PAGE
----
Tuesday, November 2, 2010

Writing Scenes, Part 1

I was working on a scene right now in my I LEFT MY UNDERWEAR IN SAN FRANCISCO and it was causing a bit of trouble for me. It made me go back and review what I was doing, since I know how to write a scene. I learned how from Dwight Swain in his book, TECHNIQUES OF THE SELLING WRITER, a "must-have" book on writing. In it, you'll learn how to write Scene and Sequel.

Scenes have three parts:
1) Goal
2) Conflict
3) Disaster

Today, we'll discuss "goals.

Every story has a goal.

Your character has an overarching story goal -- the problem he or she has to solve, something he/she wants to achieve. My character, Joetta, wants respect from her family, but she doesn't understand at first that *that* is what she wants. She thinks she wants revenge for all of her twin brothers' pranks. She thinks she wants relief from a younger sister's insistence on imitating her. She thinks she wants her parents to come down heavy-handed on her siblings, while giving her a break. This is what drives her through the story.

Every scene has a goal.

Her brothers continue to prank her, and in the previous scene attacked her with pillows until she screamed for help from her parents, who were unhappy at being awakened. So now she's lying there in the dark in her great-grandmother's home, thinking about how to get them back. She decides to wait until the twins are sound asleep and then write on their foreheads, "dumb" and "dumber." Her goal in this scene is to write on their foreheads without waking up them -- or her parents -- and getting away with it.

Goals create active characters.

Scenes are action. You want your character to be active, not passive. Passive characters react to what happens to them; they seem to allow things to happen. Active characters make things happen, good or bad. They don't wait for something to happen. Not all of their decisions are good, but they do make decisions and ACT. Readers want to read about active characters, because these characters are more interesting, more engaging.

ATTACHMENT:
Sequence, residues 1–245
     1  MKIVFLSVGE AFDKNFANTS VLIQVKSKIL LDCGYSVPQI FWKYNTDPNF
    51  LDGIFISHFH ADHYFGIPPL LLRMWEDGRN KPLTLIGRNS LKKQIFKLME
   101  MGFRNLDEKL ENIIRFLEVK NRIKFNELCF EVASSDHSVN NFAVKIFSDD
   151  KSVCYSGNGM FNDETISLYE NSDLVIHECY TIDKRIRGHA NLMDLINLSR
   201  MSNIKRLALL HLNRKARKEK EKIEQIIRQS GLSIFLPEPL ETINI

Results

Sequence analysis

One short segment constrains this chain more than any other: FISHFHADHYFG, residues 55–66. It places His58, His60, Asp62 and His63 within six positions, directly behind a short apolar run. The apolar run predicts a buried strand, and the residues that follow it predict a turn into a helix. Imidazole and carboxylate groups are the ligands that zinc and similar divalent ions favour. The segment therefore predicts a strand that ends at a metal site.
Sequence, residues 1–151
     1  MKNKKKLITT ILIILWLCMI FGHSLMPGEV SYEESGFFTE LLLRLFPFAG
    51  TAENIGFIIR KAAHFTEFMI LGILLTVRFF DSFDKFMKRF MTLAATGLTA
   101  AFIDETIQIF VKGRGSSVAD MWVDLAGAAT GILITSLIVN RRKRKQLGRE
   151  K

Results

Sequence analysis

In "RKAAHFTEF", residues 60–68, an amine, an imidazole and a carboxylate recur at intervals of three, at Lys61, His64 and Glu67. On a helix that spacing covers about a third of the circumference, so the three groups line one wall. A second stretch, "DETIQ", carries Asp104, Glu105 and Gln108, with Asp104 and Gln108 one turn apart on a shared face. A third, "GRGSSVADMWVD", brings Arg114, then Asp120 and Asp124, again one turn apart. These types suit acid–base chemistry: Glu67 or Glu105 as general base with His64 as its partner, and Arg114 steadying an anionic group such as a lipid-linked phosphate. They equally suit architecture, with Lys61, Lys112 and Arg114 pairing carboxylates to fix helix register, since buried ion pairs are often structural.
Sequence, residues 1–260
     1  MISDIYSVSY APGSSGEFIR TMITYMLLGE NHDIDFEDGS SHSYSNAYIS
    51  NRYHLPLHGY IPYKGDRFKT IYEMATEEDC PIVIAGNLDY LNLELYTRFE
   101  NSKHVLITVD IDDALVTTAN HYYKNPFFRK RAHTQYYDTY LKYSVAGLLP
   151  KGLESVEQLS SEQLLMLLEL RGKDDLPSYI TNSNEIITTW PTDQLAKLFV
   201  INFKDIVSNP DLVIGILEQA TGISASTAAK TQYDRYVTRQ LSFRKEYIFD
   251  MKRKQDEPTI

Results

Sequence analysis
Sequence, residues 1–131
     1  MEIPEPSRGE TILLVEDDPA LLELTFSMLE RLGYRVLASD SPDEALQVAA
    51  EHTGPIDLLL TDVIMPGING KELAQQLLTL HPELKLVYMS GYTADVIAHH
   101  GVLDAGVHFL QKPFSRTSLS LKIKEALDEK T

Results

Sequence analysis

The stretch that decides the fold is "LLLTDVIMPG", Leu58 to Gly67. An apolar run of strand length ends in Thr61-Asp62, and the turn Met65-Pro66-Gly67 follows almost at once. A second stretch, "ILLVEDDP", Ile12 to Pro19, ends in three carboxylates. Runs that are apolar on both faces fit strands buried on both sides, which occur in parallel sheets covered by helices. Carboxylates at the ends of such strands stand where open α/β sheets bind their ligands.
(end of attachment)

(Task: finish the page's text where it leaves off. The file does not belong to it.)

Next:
Every scene goal leads eventually to solving the overall story goal.

As your character moves forward, scene by scene, goal by goal, he or she gets closer to solving the problem or achieving a desired outcome. Your character will not only reach the final goal, but will grow in the process. As your character handles each problem presented by each scene, he stretches and grows and is able to make new and better goals.

So give your character a goal in every single scene. It's what moves your story forward.

Tomorrow I'll discuss "Conflict" within each scene.


  1. Great post, Pam! I'm doing Nano for the first time, and so far I'm keeping up. But each day, even though I know about where I need to go and what's going to happen as I write, it's taken me longer than I expected to get cranking. Tonight, as I plan for tomorrow's writing, I'm going to keep that goal/conflict/disaster sequence inthe forefront. It will help me jump to it much faster in the morning!

  2. Hi Pam...I saw you on Facebook and decided to check out your blog. In writing my novel, I find that some of the scenes are static. I know that I need to ramp up the tension. Sometimes I wait to do it till I get to the editing process. Your points here are beneficial. I will even check out Swain's book.

  3. Thanks for the tips, Pam